Train travel is certainly not common for most Americans. In our rush to get there, we prefer to fly whenever
possible. While convenient, this sometimes prevents travelers from enjoying the often unique things that can be found "in-between" the start and the end of a trip.
So when we selected Canada's Jasper National Park (see related article) as a
destination, we chose to travel overnight by train as a new and different way of enjoying the "in-between" from Vancouver to Jasper. All we can say about this trip
through the Canadian Rockies is WOW!
Canada's VIA Rail offers 10 different routes, but The Canadian is the only one with Amtrak connections to the U.S. in Seattle, Chicago, Detroit and New York.
This makes it convenient for folks living in those cities, but we chose to fly to Vancouver and take The Canadian to Jasper because we were told this was the
most scenic section of the trip. Absolutely.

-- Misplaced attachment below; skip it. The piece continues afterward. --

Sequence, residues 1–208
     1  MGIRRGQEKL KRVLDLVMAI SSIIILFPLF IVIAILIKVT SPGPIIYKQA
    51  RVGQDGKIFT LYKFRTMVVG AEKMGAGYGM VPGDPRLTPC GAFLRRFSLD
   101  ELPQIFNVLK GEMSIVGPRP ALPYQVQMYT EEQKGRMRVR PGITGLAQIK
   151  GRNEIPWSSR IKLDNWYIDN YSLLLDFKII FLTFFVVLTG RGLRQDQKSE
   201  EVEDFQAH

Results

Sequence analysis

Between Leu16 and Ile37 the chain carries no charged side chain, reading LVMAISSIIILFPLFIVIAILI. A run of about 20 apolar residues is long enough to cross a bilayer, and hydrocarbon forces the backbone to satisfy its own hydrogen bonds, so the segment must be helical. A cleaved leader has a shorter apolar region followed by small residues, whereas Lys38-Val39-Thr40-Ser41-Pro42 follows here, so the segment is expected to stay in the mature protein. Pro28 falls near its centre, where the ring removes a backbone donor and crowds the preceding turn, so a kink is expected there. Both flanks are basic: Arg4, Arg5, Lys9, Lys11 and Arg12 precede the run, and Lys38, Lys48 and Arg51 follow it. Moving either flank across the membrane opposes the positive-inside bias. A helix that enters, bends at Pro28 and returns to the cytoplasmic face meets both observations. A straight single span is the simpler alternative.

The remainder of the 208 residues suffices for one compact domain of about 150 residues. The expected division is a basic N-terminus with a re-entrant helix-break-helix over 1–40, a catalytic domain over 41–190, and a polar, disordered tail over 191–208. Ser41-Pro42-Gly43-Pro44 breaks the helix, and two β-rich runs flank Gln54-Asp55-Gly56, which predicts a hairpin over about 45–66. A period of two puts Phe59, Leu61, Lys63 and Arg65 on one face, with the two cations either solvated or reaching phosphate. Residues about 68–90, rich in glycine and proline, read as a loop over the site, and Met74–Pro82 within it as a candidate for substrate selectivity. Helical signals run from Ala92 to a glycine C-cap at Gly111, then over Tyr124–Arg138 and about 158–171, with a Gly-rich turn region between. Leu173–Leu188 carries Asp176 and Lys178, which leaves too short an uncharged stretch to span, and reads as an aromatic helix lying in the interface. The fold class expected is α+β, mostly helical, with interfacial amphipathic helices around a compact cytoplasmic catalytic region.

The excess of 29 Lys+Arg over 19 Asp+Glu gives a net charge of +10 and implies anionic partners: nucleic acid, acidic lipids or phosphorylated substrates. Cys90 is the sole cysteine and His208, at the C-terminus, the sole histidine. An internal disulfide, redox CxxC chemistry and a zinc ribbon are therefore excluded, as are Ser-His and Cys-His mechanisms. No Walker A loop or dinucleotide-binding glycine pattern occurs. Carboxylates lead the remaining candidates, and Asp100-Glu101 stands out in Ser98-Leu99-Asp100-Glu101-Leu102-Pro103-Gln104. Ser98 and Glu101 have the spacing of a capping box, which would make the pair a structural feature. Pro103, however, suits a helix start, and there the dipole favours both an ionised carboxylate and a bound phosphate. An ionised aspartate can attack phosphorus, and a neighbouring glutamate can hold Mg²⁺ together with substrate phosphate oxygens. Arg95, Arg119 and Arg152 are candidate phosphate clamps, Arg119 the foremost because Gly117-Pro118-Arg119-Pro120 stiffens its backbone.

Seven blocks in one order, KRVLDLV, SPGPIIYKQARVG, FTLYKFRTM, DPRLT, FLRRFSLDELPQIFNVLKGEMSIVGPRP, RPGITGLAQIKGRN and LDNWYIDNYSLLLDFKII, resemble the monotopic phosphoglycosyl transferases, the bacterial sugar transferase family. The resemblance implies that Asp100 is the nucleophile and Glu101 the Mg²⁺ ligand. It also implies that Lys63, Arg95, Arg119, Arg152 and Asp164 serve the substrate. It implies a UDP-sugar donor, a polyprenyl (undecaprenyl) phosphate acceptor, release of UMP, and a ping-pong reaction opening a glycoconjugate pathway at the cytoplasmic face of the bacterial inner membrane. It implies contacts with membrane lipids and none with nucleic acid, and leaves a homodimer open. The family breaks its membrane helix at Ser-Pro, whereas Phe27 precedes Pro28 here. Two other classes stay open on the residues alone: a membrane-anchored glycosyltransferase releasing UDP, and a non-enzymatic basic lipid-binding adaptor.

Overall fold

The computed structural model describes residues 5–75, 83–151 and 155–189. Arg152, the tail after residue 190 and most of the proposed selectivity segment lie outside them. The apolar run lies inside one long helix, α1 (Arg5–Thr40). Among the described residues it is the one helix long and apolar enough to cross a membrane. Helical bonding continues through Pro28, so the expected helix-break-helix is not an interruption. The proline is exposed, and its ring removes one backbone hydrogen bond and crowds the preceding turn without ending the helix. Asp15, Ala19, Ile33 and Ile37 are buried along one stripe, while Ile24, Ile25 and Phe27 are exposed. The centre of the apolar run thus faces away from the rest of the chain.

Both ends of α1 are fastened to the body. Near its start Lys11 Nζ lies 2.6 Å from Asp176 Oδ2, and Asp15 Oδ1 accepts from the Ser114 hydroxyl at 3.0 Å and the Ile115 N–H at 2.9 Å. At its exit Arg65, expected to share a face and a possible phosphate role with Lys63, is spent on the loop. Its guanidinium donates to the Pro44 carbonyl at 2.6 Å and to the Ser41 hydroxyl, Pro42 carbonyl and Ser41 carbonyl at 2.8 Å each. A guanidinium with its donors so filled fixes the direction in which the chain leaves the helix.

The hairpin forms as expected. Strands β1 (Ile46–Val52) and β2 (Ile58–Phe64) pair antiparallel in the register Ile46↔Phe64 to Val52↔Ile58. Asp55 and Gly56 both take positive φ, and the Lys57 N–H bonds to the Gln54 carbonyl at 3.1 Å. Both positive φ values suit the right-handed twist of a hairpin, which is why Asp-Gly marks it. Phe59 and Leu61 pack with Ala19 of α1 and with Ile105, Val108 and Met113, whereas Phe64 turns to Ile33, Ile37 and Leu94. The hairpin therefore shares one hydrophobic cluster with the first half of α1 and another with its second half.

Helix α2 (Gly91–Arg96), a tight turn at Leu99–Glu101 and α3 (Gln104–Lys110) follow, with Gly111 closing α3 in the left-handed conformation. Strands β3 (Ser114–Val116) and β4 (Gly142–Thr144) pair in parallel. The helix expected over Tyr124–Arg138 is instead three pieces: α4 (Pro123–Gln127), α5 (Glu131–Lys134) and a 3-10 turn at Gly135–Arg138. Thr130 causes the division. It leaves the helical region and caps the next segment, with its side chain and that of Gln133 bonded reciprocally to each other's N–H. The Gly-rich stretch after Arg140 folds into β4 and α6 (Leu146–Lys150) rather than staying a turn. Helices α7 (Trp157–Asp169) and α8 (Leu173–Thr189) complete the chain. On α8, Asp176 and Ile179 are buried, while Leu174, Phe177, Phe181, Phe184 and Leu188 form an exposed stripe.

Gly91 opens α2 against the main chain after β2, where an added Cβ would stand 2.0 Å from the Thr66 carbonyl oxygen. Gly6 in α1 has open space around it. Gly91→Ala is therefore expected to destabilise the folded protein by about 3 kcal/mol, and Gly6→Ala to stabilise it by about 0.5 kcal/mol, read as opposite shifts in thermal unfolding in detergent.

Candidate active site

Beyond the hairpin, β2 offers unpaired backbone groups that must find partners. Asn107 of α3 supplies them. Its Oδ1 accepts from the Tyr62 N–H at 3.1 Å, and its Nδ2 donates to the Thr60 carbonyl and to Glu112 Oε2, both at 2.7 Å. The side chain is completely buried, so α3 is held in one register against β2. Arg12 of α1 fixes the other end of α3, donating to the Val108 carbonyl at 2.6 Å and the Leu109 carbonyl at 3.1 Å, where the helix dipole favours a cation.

VIA Rail adjusts its schedules a bit during the summer to accommodate the tourist season. The train is not in a particular rush and often departs (or arrives) off
schedule because it takes its time along the way. That was fine with us, as we were in no hurry and wanted to enjoy the scenery and the experience.
After arriving in Vancouver, we took a short taxi ride to the Pacific Central train station. This historic building was restored to its
original grandeur after VIA Rail took it over in the late 1970's and its ambiance takes you back to the days of original luxurious train
travel. We checked in for the "Silver & Blue" class which included bedroom accommodations and meals. Once we boarded the train, we were greeted by our attendant and given a preview of
dining times, attractions on the way, etc.
We found our bedroom small but comfortable, and although we spent little day-light time in it, space was cramped for our two
small suitcases. Therefore, we would recommend that you check your luggage and bring onboard to your cabin only what you will need for an overnight stay.
Touring the train was interesting. There were at least 30 railcars with various accommodations, and three Skyline cars with 360
-degree glass-top ceilings for maximum enjoyment of the scenery. An activity coordinator was assigned to several cars and they maintained entertainment options such as games, books, snacks
and other amenities in the Park cars.